4 value. The second phase then removes some branches which contain noisy data (those with the largest estimated error rate). CART, a Classification And Regression Tree, is constructed by recursive splits of an instance into subgroups until a specified criteria has been met. The tree grows until the decrease of impurity falls below a user-defined threshold. Each node in a decision tree is a test condition and the branching is based on the value of the attribute being tested. The tree is representing a collection of multiple rule sets. When evaluating a customer data set the classification is done by traversing through the tree until a leaf node is reached. The label of this leaf node (Churner or Non Churner) is assigned to the customer record under evaluation. Figure 1 shows a simplified churn prediction decision tree for the telecommunication sector. Iwata et al. [6] have proved that neural networks are superior in performance as opposed to other models. Similar results where identified by Hadden et al. in [4, 5]. 3.3 Problems of Churn Prediction Although conventional churn prediction techniques have the advantage of being simple and robust with respect to defects in the input data, they posses serious limitations to the interpretation of reasons for churn. Therefore, the answer of the question who is probably going to churn is easily given, however the bigger problem is to find why the customer wants to churn. A proper insight on the reasons for churning is essential in order to design effective retention methods. Therefore, measuring the effectiveness of a prediction model depends also on how well the results can be interpreted for inferring the possible reasons of churn. This is done in order to properly allocate limited time and ressources for retention efforts by choosing more probable churners with the help of successful (in previous efforts for the given reason) techniques. Neural networks, being best in terms of performance have proven to be best for actual churn prediction. The results can then be further analyzed using linear regression and decision trees for explaining the behavior of churn. Figure 1: A simplified churn prediction decision tree Decision trees are often criticised that they are not suitable for capturing complex and non-linear relationshis between the attributes. Nevertheless, research shows [4, 5, 8] that the accuracy of decision trees and training data requirements are high Neural Networks The use of neural networks in churn prediction has a big asset in respect of other methods used, because the likelihood of each classification made can also be determined. Au et al. have shown [1] that neural networks outperform decision trees for prediction of churn. They state the biggest disadvantage of neural networks they do not uncover patterns in an easily understandable form, categorizing them as a black box model The basic idea behind neural networks is that each attribute is associated with a weight and combinations of weighted attributes participate in the prediction task. During learning the weights are constantly updated, thus correcting the effect which an attribute has. Given a customer data set and the set of predictor variables the neural network tries to calculate a combination of the inputs and to output the probability that the customer is a churner. Accuracy achieved by neural networks fully outweights the disadvantage that they need a large volume of data set and a lot of time in order to calculate a reasonable weightage for the predictor attributes Evolutionary Approach The necessity of precise interpretation of churn prediction results motivated researchers for the suggestion of new and precise models, which not only offer insights whether a customer is likely to churn or not, but also focus on reasons for churning. An evolutionary algorithm learning of rules for churn has been proposed by Au et al. [1]. The Algorithm is described by the authors as follows: 1) the evolutionary process begins with the generation of an initial set of first-order rules (i.e., rules with one conjunct/condition) using a probabilistic induction technique and based on these rules, rules of higher order (two or more conjuncts) are obtained iteratively; 2) when identifying interesting rules, an objective interestingness measure is used; 3) the fitness of a chromosome is defined in terms of the probability that the attribute values of a record can be correctly determined using the rules it encodes; and 4) the likelihood of predictions (or classifications) made are estimated so that subscribers can be ranked according to their likelihood to churn Self-organizing Maps Ultsch describes [10] how a combination of emergent self organizing maps, U-Matrix methods and knowledge conversion can be used for churn prediction and conversion, creating an effective churn prediction classifier. In this approach groups amongst customers are identified. Group characteristics are being summarized using rules. Research results have shown a correct prediction of 90%. The main idea is that identification of groups and their characteristics can lead to better understanding of the real reasons for churning.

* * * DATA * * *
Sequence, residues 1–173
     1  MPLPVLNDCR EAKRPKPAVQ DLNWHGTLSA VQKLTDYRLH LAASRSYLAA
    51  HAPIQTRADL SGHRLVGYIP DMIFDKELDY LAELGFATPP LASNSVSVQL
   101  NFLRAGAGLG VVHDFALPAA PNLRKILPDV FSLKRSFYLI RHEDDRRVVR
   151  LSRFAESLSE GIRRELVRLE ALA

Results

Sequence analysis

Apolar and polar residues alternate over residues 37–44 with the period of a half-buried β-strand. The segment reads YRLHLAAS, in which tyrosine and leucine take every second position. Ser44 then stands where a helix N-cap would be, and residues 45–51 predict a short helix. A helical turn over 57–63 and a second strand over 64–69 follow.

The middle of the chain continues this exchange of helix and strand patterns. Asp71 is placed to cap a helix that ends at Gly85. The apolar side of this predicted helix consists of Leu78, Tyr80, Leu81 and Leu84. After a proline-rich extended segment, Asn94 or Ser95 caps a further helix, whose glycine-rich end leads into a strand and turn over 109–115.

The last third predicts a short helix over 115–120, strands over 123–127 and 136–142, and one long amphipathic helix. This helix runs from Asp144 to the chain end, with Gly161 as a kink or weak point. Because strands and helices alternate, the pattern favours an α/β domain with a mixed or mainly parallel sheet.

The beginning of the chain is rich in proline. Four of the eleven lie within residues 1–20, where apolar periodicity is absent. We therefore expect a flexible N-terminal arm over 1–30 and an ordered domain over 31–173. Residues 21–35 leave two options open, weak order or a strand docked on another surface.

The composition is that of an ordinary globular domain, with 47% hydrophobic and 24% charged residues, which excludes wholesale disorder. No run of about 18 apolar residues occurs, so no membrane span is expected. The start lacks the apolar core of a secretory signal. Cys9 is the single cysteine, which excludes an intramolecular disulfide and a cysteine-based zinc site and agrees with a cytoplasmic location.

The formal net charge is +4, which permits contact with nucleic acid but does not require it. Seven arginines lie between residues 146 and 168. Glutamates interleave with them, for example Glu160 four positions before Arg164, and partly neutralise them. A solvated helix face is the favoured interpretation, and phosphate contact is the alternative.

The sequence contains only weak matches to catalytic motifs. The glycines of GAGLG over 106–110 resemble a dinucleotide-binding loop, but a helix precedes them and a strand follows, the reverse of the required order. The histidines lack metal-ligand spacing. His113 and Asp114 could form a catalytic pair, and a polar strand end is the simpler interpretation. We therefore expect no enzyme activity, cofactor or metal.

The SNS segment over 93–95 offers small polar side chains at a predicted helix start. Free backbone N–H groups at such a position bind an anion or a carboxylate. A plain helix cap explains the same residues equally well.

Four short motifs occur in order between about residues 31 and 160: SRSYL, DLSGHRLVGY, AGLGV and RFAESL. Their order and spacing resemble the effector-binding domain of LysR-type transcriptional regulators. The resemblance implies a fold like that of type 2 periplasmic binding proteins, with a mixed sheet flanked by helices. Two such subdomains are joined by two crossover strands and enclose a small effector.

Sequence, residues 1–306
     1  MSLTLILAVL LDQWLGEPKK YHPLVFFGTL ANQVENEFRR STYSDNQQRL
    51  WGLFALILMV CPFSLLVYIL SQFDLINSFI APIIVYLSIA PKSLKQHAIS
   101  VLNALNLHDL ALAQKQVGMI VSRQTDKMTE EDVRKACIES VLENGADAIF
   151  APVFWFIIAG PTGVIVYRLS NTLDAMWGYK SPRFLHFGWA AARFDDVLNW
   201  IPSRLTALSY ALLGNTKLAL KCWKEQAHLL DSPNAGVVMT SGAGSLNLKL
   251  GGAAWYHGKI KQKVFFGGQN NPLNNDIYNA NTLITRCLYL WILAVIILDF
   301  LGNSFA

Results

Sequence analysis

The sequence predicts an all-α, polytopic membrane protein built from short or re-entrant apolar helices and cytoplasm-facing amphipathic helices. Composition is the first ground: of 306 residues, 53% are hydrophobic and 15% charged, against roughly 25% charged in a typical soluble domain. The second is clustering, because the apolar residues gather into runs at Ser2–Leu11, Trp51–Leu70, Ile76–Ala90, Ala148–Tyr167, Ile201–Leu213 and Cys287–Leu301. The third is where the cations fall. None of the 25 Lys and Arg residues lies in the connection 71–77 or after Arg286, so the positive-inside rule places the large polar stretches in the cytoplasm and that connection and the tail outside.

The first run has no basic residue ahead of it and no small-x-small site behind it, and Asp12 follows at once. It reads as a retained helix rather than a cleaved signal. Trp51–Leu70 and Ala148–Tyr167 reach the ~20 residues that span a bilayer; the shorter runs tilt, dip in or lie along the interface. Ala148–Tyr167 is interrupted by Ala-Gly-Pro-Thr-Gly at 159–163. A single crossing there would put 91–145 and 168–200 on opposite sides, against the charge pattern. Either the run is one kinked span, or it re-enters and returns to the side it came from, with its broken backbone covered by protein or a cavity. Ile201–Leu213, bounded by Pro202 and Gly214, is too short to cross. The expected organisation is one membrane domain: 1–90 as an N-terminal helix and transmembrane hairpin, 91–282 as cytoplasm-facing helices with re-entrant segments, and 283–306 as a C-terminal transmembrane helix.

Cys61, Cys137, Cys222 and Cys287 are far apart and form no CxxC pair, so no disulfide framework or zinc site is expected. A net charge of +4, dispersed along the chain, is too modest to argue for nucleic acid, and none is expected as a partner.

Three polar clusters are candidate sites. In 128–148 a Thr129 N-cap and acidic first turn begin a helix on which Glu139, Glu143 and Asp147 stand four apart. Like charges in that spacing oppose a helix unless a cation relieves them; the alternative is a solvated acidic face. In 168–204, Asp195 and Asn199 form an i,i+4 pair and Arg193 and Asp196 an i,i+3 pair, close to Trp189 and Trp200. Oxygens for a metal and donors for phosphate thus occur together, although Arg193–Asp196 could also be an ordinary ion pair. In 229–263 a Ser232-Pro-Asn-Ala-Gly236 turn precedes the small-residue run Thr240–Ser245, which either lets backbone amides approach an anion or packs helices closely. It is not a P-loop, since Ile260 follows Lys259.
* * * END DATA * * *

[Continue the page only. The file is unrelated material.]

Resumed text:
5 4. WEIGHTING RESULTS WITH CUSTOMER LIFETIME VALUE Once churners have been identified and reasons for quitting have been found rapid action has to be taken by the marketing department in order to prevent churn properly. Usually the time is not enough to address all likely churners. Therefore, further decision making has to be done to choose the clients that will be contacted. For the customers with highest probability of churning it is predicted how much revenue a service provider is going to get over the period of customers stay. In this way valuable customers are identified and efforts are made of retaining these customers. An inversely proportional rate of customer lifetime value of an existing customer to the churn probability of that customer can be seen [9], but the customers decision to stay back is usually coupled with increment of lifetime value of that customer. Using customer lifetime value in addition to churn prediction can minimize the cost for making a needless retention effort (false positives) and the cost of losing a customer because the model did not predict he is likely to churn (false negatives). 5. SUMMARY Retention of possibly churning customers has emerged to be as important for service providers as the acquisition of new customers. High churn rates and substantial revenue loss due to churning have turned correct churn prediction and prevention to a vital business process. Although churn is unavoidable, it can be managed and kept in acceptable level. There are many different ways of churn prediction and new techniques continue to emerge. Good prediction models have to be constantly developed and a combination of the proposed techniques has to be used. Valuable customers have to be identified, thus leading to a combination of churn prediction methods with customer lifetime value techniques. In this paper we presented typical quality measures of prediction models, together with 6 churn prediction methods: regression analysis, naive bayes, decision trees, neural networks, new evolutionary approaches and self-organizing maps combined with U-Matrix. Furthermore, we pointed out links between churn prediction and customer lifetime value. 6. REFERENCES [1] W.-H. Au, K. C. C. Chan, and X. Yao. A novel evolutionary data mining algorithm with applications to churn prediction. IEEE Trans. Evolutionary Computation, 7(6): , [2] D. V. den Poel and B. Larivière. Customer attrition analysis for financial services using proportional hazard models. European Journal of Operational Research, 157(1): , [3] P. Domingos. The role of occam s razor in knowledge discovery. Data Min. Knowl. Discov., 3(4): , [4] J. Hadden, A. Tiwari, R. Roy, and D. Ruta. Churn Prediction: Does Technology Matter. International Journal of Intelligent Technology, 1(1): , [5] J. Hadden, A. Tiwari, R. Roy, and D. Ruta. Churn Prediction using Complaints Data. International Journal of Intelligent Technology, 13: , May [6] T. Iwata, K. Saito, and T. Yamada. Recommendation method for extending subscription periods. In KDD 06: Proceedings of the 12th ACM SIGKDD international conference on Knowledge discovery and data mining, pages , New York, NY, USA, ACM. [7] T. Mitchell. Machine Learning. WCB/Mc Graw Hill, Boston, et al., [8] J. R. Quinlan. C4.5: programs for machine learning. Morgan Kaufmann Publishers Inc., San Francisco, CA, USA, [9] S. Rosset, E. Neumann, U. Eick, N. Vatnik, and Y. Idan. Customer lifetime value modeling and its use for customer retention planning. In KDD Proceedings of the Eighth ACM SIGKDD International Conference on Knowledge Discovery and Data Mining, July 23-26, 2002, Edmonton, Alberta, Canada, pages , [10] A. Ultsch. Data mining and knowledge discovery with emergent self-organizing feature maps for multivariate time series. In E. Oja and S. Kaski, editors, Kohonen Maps, pages Elsevier, 1999.